In the COVID-19 partner Q&A series, we will share knowledge and expertise from HRS partners across the country on how they are leveraging telehealth in response to COVID-19. Below, NVNA & Hospice Telemedicine Clinical Manager, Cheryl Meyer Nelson, shares her insights into enhancing clinical workflow and patient experience using virtual visits.

1. How has the perception of telehealth changed among your staff or among your patients since the outbreak of COVID-19?

Telehealth is receiving more media attention than ever before and with that comes a greater understanding from patients and their family members. Patients and their family are more willing to learn about telehealth and understand the purpose behind it. We’re hoping to take advantage of the captive audience we’re seeing to help patients see how telehealth can not only protect them during this outbreak but can improve their daily lives as we approach the other side of this pandemic.

In addition, our clinicians are having an easier time training patients to use the technology and helping patients troubleshoot any issues that arise because of this heightened awareness.

2. What aspects of the telehealth platform have been most valuable during the

The COVID-19 symptom surveys have been essential to our clinical workflow and patient evaluations during the outbreak. We have enrolled all of our telehealth patients on the COVID Care Plan (even if they do not have a COVID diagnosis) to provide an additional layer of symptom monitoring and to encourage telehealth compliance.

The biometric devices included in patients kits, specifically the blood pressure monitor, pulse oximeter, along with the ability to manually enter and track temperature, have always provided our clinical team with critical information. The COVID symptom survey helps to round out our view of the patient’s daily health. The virtual visits provide an opportunity for bidirectional communication, safety and PPE management.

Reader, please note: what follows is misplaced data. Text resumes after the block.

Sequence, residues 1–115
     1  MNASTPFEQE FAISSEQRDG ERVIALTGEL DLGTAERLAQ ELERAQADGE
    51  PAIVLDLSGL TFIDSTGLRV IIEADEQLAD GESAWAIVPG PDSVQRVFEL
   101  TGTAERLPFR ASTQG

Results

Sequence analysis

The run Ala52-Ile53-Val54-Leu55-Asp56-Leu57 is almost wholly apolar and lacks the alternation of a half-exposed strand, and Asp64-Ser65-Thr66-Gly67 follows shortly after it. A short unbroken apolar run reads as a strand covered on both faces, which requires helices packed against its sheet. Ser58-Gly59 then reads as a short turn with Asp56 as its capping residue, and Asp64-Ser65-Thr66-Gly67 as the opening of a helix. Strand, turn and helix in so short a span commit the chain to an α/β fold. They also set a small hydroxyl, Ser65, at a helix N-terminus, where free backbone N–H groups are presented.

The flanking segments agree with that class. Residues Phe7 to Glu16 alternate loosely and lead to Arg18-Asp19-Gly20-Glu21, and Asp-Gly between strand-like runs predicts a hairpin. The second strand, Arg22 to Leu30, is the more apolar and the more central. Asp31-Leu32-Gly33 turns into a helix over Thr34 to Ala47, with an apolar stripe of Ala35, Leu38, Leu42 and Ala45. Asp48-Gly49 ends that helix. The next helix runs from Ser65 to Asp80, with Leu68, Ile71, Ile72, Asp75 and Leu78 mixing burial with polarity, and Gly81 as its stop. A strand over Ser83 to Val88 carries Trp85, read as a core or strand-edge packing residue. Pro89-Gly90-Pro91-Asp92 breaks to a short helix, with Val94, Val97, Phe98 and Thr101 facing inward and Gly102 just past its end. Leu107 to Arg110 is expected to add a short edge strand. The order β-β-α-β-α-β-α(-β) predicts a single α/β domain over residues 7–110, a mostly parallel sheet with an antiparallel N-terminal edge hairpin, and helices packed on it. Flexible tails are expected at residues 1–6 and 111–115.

3. What have been your biggest challenges in managing patients with fewer in-person visits?

We’ve transitioned some visits, including skilled nursing, therapy, and other specialty care visits, from in-home to virtual. We're also using virtual visits to assess risk and triage patients that demonstrate COVID symptoms and support other medical conditions. This improves communication with their physicians and within the clinical care team.

While we know virtual visits are an alternative for in-home visits, there are a lot of other changes that come along with such a dramatic shift in patient care. Changes to clinical workflow are a huge consideration. For example, determining how many virtual visits should we provide each patient per week, or how many per episode of care. We’re trying to crystallize the proper workflow for visits and the correct way to document the visits and next steps so clinicians across NVNA & Hospice are up-to-date on best practices. The integration between our EMR, MatrixCare (Brightree), and the HRS platform has made a huge difference in keeping our entire agency informed.

4. What are your recommendations for virtual visits?

From a technology perspective, connectivity is essential. When our field staff are installing the telehealth system, we recommend connecting to wi-fi if the patient’s cellular reception is lower than two bars in their home. We always perform an initial practice virtual visit during the set up to introduce patients to the platform. This ensures proper technical connection and helps the patient understand the virtual visit process.

We also encourage all our clinicians and field staff to use humor and consider learning styles when teaching patients how to use telehealth equipment and perform virtual visits. For the vast majority of patients, this technology is entirely different from anything they have previously done with their healthcare providers. Taking the time to help patients learn and understand the purpose, encourages greater utilization and adherence with the technology. Humor can reduce anxiety during a stressful time and show patients that it’s ok to make mistakes and to ask questions.

For COVID surveillance and beyond, both biometric readings and symptom surveys provide clinicians with essential information. At NVNA and Hospice, we’ve noticed a strong correlation between a patient’s compliance with daily surveys and biometric recordings with their willingness to participate in virtual visits. It’s so important to educate patients to routinely participate in the surveys and biometrics as well as how important virtual visits are to improving their health.